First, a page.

Thursday, October 1, 2009

Desperately Pumping Commodities

Anybody else think yesterdays rocket was a little bit of an overreaction? Could be sour grapes, true, but since when does a  modest to modest plus draw in Rbob deserve 11 cents? ESPECIALLY  on a big decline in imports.  Take a look at the days of supply increasing steadily .





Anyway ramping oil has worked before, but didn't get much follow through abroad, and in fact barely got equities back to unch. yesterday.

David Rosenberg via Mish's Global Economic Trend Analysis
Rosenberg: “We are certainly in a deflationary state”
The bond bulls can only hang their hat today on the knowledge that the world is still awash with deflationary pressures — as Euroland reported that the region’s CPI deflated 0.3% YoY in September from -0.2% in August and the fourth month now in negative terrain. So, we have Euroland at -0.3%, the U.S.A. at -1.5%, Canada at -0.8%, Japan at -2.3%, and even China at -1.2% — even in the face of this year’s commodity price rebound. That tells you something. Imagine where these deflation figures line up when economic activity begins to slow down next year. This puts fixed-income product in a very positive light, we might add, because real yields in most jurisdictions, whether in the government or corporate sector, appear very attractive.

Does This Make Any Sense?

Since June 10, the yield on the U.S. 10-year Treasury note has plunged 70 basis points and at the same time the S&P 500 has rallied 14%. The bond market is telling us that we still live in a deflationary world, yet the equity market is at this juncture pricing in over $80 of operating earnings, which would be double from the current four-quarter pace.

The real question is, if we in fact do have this sustained reflation trade going on, which is actually necessary to justify the earnings expectations embedded in equity valuation, why it is that the yield on the 10-year Treasury note isn't north of 5.0% already? Instead, it is 3.3%. And history shows that when bonds and stocks do diverge, as was the case in the summer of 1987, the fall of 1994, the summer of 1998, the winter of 2000 and the summer of 2007, it is the former that proved to be prescient.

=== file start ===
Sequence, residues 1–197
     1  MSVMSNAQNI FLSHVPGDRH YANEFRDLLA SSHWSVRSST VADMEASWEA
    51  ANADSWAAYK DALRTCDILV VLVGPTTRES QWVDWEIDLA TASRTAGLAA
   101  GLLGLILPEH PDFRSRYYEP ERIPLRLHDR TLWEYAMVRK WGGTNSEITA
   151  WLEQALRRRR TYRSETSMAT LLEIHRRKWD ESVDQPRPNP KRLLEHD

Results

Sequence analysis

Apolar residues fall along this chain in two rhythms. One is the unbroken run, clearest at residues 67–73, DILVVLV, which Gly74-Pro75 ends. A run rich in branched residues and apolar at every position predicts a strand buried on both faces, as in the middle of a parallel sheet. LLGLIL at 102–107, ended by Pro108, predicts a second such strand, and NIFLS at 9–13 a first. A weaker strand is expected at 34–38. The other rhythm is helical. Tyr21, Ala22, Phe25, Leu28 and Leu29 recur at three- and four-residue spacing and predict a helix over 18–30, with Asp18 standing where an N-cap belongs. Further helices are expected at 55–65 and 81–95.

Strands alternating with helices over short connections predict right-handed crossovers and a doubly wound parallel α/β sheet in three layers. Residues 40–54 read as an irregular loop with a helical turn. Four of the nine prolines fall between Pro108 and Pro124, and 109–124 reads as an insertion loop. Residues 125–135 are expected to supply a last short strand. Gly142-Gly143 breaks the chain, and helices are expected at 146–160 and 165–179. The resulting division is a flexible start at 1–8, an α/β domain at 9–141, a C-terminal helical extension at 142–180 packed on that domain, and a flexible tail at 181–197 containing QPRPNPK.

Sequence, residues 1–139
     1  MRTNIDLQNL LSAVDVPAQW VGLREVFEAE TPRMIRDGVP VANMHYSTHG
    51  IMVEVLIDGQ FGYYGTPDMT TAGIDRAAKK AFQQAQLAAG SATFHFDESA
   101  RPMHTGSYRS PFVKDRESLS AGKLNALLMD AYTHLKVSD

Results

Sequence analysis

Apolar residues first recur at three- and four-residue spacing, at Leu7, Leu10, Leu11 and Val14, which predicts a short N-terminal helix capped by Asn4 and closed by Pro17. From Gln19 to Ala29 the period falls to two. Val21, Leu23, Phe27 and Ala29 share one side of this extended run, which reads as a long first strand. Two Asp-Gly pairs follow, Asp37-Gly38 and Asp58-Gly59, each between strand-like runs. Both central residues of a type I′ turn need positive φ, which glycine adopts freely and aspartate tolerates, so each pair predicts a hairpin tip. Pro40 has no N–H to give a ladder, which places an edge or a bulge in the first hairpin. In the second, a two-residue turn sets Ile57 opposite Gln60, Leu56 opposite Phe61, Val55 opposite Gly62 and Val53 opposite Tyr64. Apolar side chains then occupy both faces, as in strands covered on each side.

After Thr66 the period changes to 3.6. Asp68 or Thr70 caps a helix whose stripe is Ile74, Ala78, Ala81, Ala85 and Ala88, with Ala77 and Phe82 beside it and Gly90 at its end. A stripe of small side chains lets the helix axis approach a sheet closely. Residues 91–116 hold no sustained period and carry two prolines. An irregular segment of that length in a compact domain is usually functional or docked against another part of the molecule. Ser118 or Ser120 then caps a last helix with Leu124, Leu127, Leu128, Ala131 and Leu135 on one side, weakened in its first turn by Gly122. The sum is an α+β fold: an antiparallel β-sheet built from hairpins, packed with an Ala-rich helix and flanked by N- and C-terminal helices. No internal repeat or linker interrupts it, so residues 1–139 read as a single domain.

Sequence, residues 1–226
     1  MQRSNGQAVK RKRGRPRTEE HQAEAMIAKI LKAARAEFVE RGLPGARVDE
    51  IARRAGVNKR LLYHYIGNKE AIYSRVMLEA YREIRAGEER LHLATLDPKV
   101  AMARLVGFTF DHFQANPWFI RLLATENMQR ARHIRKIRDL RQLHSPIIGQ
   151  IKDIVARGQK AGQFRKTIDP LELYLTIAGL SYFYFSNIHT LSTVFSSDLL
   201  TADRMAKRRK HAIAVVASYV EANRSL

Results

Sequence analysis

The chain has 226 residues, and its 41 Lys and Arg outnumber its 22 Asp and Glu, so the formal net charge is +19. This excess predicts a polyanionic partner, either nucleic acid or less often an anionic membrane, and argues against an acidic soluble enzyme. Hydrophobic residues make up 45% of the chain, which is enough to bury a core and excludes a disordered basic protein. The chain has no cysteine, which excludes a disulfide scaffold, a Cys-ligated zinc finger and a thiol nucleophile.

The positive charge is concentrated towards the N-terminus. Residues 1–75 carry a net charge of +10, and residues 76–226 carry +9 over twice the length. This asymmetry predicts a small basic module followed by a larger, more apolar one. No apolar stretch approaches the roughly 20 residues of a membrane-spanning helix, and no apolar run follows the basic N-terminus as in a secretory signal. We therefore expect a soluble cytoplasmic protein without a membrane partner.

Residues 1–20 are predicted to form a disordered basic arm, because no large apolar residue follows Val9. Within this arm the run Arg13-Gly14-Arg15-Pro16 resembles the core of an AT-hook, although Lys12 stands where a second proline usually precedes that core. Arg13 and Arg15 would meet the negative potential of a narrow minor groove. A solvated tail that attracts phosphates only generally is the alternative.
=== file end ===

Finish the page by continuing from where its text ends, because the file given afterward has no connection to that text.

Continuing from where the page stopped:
Bank Credit Still Contracting

The monetary base has surged at a 51% annual rate over the past thirteen weeks, and that has churned out less than 3.0% growth in M1 and -4.0% in M2 over that period. This is classic ‘pushing on a string’ monetary policy. The Fed hasn't really fixed anything per se — the Fed, along with the FHA and other government agencies, have basically supplanted the banking system with taxpayer-funded credit. Bank lending to the private sector plunged some $40 billion in the week ending September 16 and to put this in a certain context, the decline over the past three months has exceeded 16% at an annual rate, which is unprecedented. And, the contraction in credit is very broad based — down 5.3% for consumer loans; -9.4% for real estate credit; and -20.4% for business (C+I) loans.

The banks are still sitting on over $1 trillion in cash assets, and they are putting the proceeds to work in the government bond market, snapping up over $20 billion of Treasuries and Agencies so far this month — 22% at an annual rate over the past thirteen weeks. This may be one reason — from a flow-of-funds basis — as to why the yield curve is flattening right now. This and the nagging notion among some very important bond investors, such as Pimco, who see the U.S. economy as we do … deflationary."

I would venture to say some of that 1 trillion went to buying oil as well.

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